By: Grace Spriggs
The good and the bad
There's two types of ozone: "good" high altitude ozone and "bad" ground level ozone. The good ozone is where UV rays come through and how the heat index is measured. If it's high, outdoor activity should be limited to prevent sunburn and heat related problems. Bad ozone contributes to air quality and is affected by emissions and pollution firsthand.
What's happening to the "good" ozone?
The "good" ozone, which protects us from harmful UV rays, is being depleted by manmade chemicals. These chemicals are referred to as Ozone Depleting Substances. As those atoms move through the atmosphere they are broken down by UV rays and destroy ozone atoms. In return, this causes more UV rays to be able to reach the Earth which can damage crops and stress marine life. All of this collectively can lead to impaired immune systems, higher risk of skin cancer, and can cause cataracts.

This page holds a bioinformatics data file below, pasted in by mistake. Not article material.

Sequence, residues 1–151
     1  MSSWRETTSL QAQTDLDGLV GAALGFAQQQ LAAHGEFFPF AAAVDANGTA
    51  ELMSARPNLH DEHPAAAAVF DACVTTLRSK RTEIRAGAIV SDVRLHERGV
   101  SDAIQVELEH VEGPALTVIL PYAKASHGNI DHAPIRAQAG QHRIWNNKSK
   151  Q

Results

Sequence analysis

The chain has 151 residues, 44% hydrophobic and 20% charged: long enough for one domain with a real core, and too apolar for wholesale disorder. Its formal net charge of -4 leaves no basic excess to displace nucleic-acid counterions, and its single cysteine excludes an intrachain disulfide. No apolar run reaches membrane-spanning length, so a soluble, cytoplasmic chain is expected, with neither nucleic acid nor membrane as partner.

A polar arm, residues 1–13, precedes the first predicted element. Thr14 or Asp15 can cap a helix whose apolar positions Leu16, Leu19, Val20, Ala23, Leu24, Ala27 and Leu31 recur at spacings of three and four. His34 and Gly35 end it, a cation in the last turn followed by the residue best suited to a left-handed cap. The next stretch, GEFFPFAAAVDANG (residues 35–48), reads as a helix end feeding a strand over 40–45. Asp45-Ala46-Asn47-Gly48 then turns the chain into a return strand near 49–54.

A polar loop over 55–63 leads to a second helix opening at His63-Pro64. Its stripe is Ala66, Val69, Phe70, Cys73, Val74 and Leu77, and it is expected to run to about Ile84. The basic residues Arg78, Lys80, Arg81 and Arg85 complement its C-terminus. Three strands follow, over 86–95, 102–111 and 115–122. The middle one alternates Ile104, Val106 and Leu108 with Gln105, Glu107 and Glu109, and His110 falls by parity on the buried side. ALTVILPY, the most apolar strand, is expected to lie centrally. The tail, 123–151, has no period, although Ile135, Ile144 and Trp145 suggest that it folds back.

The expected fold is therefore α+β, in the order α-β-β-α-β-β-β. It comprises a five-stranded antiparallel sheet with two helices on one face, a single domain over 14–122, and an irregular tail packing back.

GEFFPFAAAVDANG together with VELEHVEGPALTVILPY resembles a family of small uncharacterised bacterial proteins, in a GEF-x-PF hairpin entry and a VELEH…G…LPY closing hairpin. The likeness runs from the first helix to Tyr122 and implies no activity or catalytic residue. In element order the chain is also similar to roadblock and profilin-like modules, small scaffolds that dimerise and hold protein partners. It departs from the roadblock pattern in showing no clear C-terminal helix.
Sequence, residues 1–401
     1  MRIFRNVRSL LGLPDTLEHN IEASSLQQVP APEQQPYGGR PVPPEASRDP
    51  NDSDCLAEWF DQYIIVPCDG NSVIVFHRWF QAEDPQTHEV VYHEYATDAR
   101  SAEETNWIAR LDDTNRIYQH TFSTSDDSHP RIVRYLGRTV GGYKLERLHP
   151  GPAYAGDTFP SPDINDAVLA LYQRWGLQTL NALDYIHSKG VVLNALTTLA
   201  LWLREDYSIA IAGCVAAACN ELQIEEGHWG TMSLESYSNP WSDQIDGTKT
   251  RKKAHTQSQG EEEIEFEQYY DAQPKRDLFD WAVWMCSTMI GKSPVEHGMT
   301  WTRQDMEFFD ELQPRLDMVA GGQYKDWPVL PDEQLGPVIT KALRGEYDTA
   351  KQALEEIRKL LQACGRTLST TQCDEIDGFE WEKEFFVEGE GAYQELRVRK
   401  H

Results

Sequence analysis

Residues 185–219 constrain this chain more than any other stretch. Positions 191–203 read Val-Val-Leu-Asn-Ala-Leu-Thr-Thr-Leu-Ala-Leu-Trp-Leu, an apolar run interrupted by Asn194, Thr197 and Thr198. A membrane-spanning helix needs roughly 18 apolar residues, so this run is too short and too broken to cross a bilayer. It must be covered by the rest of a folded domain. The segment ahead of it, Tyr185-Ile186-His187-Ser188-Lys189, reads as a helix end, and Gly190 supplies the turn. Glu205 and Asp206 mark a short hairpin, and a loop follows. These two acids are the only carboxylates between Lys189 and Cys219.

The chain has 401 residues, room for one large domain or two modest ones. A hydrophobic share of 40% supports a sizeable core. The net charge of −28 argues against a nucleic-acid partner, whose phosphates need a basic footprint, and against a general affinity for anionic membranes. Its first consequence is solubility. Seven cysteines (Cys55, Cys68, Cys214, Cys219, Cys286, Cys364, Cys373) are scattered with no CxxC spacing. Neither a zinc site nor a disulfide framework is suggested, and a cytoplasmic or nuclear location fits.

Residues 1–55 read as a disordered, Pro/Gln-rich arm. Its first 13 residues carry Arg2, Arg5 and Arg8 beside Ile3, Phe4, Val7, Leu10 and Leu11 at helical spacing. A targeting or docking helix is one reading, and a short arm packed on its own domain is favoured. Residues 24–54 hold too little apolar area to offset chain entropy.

What causes "bad" ozone?
It's caused by chemical reactions b/w oxides of nitrogen and volatile organic compounds when sunlight is present. At the ground level ozone is harmful and is even during the summer due to increased heat and sunlight. Inhaling ozone can cause respiratory issues like chest pain, congestion and throat irritation. It also exacerbates existing issues.
What's being done?
For the good ozone, the U.S. adopted a treaty called the Montreal Protocol which will gradually phase out the production and use of ozone depleting substances. The non-essential use of those products is prohibited. For the bad ozone, the Clean Air Act protective health standards are set for the ozone in the air. Fuels are also being reformulated to reduce harmful emissions.